There are dozens of reasons why including roses in your planting scheme is a great idea, but here's just four to whet your appetite for these beautiful shrubs:
Firstly, in springtime, it’s gratifying to bask in the colours of the growing season and there’s a vibrancy which is much-needed after what seems like a long winter. But the spring doesn't last forever and there's often a flowering lull in June. Good gardeners are masters at planning ahead, so now is the perfect time to plug the June gap!
April and May are full of vitality, with blooms coming thick and fast. Crocuses, daffodils, grape hyacinths, tulips, alpines such as Aubrieta, spring blossom on trees, Camellias, Forsythia and other spring flowering shrubs are packing a punch that has amazing vitality. But afterwards, the energy gradually slows and can dwindle away to almost nothing. Unless you plan to change this sorry state of affairs! Now is the perfect time to plan for a patch of paradise instead and plant a rose or two. After all, who couldn't want to have a bloom like the glorious 'Happy Anniversary' rose below?
Secondly, by creating a rosy glow you make something that's not only good for you, but great for wildlife too
Roses are not only good for our senses, but for insects too, providing a rich source of nectar for bees, hover flies and other beneficial bugs.
Thirdly, by planting a rose you are automatically embracing a British historical connection
Our love affair with the rose can be traced back to the 15th century after the famous Wars of the Roses. The civil wars that tore England apart in a bid for the throne involved the royal house of Lancaster, which had an emblem of a red rose, and the royal house of York, which displayed a white rose. The eventual combination of both resulted in the familiar Tudor rose which became the floral heraldic emblem of England.
During the 18th century, roses from around the world found their way to England. Each was greeted with amazement and desire for more. There are now more than 35,000 varieties of roses worldwide. This is a bloom that is mainly native to Asia, but it can flourish almost all over the globe.
They also make the perfect gift - and did you know that the colour has a hidden meaning?
Let's look at the meaning of rose colour:
There are now many 'special occasion' roses that have been named specifically as a celebration of an event. So a rose bush is a great way to give a gift that grows.
There are shrub, or bush roses, climbers, ramblers and patio roses in addition to miniature versions. Then there are flowers that appear as hybrid tea – i.e. one bloom to a stem, or floribunda which appear in clusters. All of them require a certain amount of care.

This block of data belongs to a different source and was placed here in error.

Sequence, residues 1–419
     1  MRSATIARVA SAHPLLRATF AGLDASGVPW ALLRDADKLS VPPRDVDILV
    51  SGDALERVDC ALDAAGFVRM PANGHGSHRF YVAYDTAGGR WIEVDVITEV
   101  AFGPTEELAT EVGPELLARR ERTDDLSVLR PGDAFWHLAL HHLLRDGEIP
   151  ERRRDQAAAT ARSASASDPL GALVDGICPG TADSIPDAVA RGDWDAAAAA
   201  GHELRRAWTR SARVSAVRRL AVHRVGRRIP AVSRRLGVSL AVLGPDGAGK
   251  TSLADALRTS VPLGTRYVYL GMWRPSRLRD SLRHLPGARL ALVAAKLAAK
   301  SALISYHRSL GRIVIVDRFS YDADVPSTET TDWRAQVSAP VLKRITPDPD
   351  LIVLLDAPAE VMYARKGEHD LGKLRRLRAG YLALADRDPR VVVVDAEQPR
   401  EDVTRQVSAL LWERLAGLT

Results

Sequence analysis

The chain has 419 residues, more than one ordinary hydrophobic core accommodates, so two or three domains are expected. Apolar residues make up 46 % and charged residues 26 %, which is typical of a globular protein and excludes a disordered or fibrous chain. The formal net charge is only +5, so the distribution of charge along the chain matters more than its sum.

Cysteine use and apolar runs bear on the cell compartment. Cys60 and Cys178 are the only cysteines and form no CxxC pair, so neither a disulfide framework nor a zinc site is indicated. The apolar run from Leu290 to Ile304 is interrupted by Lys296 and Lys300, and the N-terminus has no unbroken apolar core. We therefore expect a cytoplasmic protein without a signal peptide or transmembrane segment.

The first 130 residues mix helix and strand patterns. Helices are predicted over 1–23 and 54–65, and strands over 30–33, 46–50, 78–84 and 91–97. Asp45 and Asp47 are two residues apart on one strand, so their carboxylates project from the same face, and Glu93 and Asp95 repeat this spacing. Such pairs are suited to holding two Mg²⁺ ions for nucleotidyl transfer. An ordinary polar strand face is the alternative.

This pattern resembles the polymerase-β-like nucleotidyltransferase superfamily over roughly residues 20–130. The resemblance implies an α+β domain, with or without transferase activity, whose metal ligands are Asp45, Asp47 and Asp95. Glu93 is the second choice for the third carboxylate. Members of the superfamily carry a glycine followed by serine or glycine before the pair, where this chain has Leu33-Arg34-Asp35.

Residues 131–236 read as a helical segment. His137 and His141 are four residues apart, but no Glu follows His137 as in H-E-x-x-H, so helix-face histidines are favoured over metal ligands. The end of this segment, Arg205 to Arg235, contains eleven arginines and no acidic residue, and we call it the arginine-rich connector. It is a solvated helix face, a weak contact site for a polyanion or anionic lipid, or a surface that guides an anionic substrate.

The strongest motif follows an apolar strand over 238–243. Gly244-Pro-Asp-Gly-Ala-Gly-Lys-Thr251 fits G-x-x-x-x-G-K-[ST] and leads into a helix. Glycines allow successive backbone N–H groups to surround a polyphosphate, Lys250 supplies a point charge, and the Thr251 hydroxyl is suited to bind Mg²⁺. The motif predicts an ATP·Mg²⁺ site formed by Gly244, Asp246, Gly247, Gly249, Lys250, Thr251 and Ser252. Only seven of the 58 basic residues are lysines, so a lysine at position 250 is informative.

The traditional, formal rose bed has a severe drawback: it enables disease to spread between bushes very quickly. Roses can suffer from problems including rusty leaves, black spot, mildew, root rot, aphids and more.
Many people resort to spraying, but those keen on maintaining in a more organic fashion might need to be more vigilant. Removing diseased foliage before it fully develops is good practice. Encouraging birds to feed nearby is a good way to control aphids. Roses also need to be pruned twice a year and you should bear in mind that the spiny thorns have no respect for blemish-free skin.
New varieties and planting schemes can sometimes be better (but not always)
Some varieties have been bred for their robust nature and resistance to disease, and they can be used to blend into planting schemes with ease. There’s absolutely no reason why you can’t incorporate this plant into borders and mixed beds, and this is normally where the best results are enjoyed.
Not everyone loves this ‘favourite flower’ (SHOCK, HORROR!)
The late Christopher Lloyd of Great Dixter, for example, rather than deciding to plant a rose, preferred to remove all roses from his famous garden in 1997, calling the rose a ‘miserable and unsatisfactory shrub of stick-like thorny blobs’. This was in spite of the fact that the Great Dixter geometric rose garden had been designed by Lutyens back in 1912.
The majority of us will be eager to plant now for summer colour. Roses appreciate fertile, free-draining soil, a fair amount of water and a mulch in order to prevent drying out. They will reward with exotic blooms and hopefully some heady perfume, depending on the variety. The unusual 'Hot Chocolate', pictured below, has highly fragrant blooms and was once crowned 'Rose of the Year'.
You don’t need rose-tinted spectacles to enjoy the many delights that roses bring to a garden, so step out this month and plant some!